Gong have long been a favourite of mine, and this album sees them continue to maintain a treasured place in my heart. As soon as I put this on, I was transported back about thirty years to a small, stinky club in London, where I first fell in love with the spaced-out goodness that is Gong. Despite founding member Daevid Allen’s trip to the East (brown bread, as we Cockney fellows like to refer to it as), Gong’s still going strong, led by the gorgeously soft vocals of frontman Kavus Torabi, along with Dave Sturt, Fabio Golletti, Ian East, and Cheb Nettles all contributing gloriously to this sublime album. This is the most stable line-up that Gong has ever seen, put together after Allen’s passing in 2015 so they obviously work well together.

Opener Tiny Galaxies starts out all dream-like and caresses the ear with psychedelic vocals and harmonies – but then (Oh, My Word!) it effortlessly slips into My Guitar is a Spaceship building into what I can only describe as what Mr Bungle might sound like if they took a whole bunch of Valium, washed down with a hearty measure of cough syrup. It’s somehow chunky and gentle simultaneously and wouldn’t be out of place on an episode of The Mighty Boosh. Thick bass and snappy drums hold the entire track together and there are horns and flutes jumping in and out all over the shop. Pure class. Ship of Ishtar is next, and it is so mellow that I almost went into a coma listening to it. It’s all soft edges and smooth surfaces; much like the furniture at the special school I attended as a wee nipper. It drones in a beautiful, almost dolorous, manner, and again flutes saturate the track, sending the listener off, off, into the realms of Morpheus. There’s something almost (but not quite) maudlin about the arrangements, and O Arcturus maintains the atmosphere. It’s just bloody nice music with surging guitar solos drenched in all manner of trippy effects; I am transported back to younger, more carefree days by the tones…how is this possible? I don’t know but I’m loving it. Naturally Hawkwind and Ozric Tentacles come to mind, but I get the impression this is equally something that Ghost could easily put out.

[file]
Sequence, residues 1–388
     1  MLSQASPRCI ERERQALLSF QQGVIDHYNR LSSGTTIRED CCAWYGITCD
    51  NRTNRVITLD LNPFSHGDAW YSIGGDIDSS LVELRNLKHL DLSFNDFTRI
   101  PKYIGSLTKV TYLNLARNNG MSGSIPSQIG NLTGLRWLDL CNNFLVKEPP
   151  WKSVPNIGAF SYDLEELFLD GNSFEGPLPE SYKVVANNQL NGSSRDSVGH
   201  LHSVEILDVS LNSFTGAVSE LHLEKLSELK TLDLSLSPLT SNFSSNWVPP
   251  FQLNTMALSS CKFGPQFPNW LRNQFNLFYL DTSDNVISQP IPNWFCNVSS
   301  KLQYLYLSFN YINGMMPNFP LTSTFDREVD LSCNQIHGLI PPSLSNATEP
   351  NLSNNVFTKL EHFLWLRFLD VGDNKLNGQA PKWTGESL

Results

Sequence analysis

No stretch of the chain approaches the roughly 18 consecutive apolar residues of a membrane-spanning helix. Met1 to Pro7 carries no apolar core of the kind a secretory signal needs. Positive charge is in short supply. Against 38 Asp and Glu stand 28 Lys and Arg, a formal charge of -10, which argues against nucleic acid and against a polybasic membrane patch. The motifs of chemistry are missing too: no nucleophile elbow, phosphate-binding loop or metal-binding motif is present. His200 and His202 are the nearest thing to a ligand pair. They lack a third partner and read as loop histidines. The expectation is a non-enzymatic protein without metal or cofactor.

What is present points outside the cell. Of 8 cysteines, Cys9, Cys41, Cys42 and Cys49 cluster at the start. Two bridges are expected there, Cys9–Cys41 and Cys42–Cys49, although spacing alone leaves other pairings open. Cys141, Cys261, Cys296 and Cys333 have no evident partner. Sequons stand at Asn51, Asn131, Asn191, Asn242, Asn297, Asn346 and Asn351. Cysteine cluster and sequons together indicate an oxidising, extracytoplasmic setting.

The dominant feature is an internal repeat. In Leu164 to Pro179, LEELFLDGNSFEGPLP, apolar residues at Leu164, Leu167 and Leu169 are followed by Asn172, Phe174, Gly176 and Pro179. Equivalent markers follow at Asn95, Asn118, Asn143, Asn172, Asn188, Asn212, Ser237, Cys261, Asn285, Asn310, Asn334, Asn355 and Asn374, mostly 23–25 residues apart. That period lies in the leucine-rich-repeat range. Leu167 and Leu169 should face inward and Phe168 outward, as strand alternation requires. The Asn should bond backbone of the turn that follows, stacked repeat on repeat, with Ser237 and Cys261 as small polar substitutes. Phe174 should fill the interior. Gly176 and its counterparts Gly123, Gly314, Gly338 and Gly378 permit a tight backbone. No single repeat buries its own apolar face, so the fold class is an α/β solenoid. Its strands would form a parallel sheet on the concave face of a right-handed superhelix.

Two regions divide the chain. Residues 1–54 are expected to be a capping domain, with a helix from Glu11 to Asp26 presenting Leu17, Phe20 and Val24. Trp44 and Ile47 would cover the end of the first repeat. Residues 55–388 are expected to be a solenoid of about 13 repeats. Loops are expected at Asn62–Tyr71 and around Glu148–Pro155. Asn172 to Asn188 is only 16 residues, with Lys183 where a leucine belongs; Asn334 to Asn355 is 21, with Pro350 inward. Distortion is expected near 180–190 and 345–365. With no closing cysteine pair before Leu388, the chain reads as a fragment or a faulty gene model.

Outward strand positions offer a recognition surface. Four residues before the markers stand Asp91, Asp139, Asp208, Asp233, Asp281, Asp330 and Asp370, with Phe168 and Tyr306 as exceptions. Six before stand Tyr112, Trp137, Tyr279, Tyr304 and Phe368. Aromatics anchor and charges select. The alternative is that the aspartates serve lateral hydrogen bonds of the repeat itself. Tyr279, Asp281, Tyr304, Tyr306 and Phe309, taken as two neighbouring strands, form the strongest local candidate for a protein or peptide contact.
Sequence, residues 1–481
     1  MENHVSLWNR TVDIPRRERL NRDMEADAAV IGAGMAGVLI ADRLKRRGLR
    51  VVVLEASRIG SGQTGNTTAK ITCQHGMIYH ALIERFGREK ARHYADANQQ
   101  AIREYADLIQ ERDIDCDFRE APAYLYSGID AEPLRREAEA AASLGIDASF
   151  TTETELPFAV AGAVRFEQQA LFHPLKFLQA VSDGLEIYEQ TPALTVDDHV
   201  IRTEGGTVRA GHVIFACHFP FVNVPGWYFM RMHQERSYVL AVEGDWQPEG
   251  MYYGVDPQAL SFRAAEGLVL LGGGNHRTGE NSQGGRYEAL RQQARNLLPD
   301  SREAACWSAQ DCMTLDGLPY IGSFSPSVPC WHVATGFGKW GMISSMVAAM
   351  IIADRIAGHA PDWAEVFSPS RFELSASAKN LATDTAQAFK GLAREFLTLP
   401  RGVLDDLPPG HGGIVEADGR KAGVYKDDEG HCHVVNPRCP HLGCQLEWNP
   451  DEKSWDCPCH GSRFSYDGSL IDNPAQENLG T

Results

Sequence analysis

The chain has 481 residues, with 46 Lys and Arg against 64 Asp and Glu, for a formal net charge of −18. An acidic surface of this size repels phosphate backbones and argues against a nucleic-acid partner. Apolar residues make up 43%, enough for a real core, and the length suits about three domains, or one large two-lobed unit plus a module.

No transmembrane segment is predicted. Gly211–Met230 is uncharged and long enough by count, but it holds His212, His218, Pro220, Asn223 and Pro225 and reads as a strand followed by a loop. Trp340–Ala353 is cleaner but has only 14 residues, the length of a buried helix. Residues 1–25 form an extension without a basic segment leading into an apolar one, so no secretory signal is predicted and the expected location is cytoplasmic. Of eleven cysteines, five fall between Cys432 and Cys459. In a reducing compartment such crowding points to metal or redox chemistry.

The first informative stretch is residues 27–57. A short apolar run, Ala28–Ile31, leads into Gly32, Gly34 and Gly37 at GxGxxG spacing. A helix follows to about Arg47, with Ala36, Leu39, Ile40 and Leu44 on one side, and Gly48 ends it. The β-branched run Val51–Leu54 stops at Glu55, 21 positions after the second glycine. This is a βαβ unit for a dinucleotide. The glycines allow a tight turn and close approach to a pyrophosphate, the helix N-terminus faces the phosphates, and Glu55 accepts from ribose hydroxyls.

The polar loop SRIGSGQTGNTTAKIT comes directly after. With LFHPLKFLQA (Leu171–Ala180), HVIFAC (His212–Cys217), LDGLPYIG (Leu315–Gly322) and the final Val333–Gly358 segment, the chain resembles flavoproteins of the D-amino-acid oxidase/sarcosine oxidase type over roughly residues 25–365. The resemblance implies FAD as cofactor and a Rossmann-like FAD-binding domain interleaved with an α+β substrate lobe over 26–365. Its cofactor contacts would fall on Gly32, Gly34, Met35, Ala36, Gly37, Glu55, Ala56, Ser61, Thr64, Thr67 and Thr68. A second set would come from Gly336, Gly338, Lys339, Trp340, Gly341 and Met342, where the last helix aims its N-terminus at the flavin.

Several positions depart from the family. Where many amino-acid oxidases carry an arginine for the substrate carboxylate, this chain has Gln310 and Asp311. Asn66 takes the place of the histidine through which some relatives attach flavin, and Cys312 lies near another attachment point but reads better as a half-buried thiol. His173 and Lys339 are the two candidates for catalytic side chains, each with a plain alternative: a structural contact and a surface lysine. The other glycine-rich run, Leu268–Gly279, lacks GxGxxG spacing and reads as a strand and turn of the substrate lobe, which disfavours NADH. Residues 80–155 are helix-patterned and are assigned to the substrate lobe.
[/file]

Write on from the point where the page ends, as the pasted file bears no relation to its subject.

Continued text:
The jumping bass and guitars of All Clocks Reset, coupled with some deep sax, make me groove about the place. The time signatures leap like cheeky field mice from grass stem to grass stem, there’s nothing violent or jarring about the album, and it all slips seamlessly along. But then Choose Your Goddess jumps in with its punchy riffs and howling sax – but it’s not too mad and it’s not too long before it settles down into that surging arrangement that is a hall mark of Gong’s compositions. It’s haunting but I didn’t wet my pants, Nurse! Honest, I just spilled some water on my velvet pants… Lunar Invocation has me nodding out with its droning, hurdy-gurdy-esque soundscape; I’m slipping out of my body and jaunting about on the astral plane – such beauty! Such soothing vocals and instruments must surely distort time? It’s the only reason I can find that sees final track Asleep Do We Lay hitting my speakers already. Another cottonwool covered track that drifts in like smoke, encouraging me to stay out of my physical form, and instead urging me to keep traversing the endless space of the aethers. Anyway, Mr Editor was keen for me to do a review of this album so I force myself back into the physical realm and bash out this little review. Gong? Still going strong.

Unending Ascending Is Out now.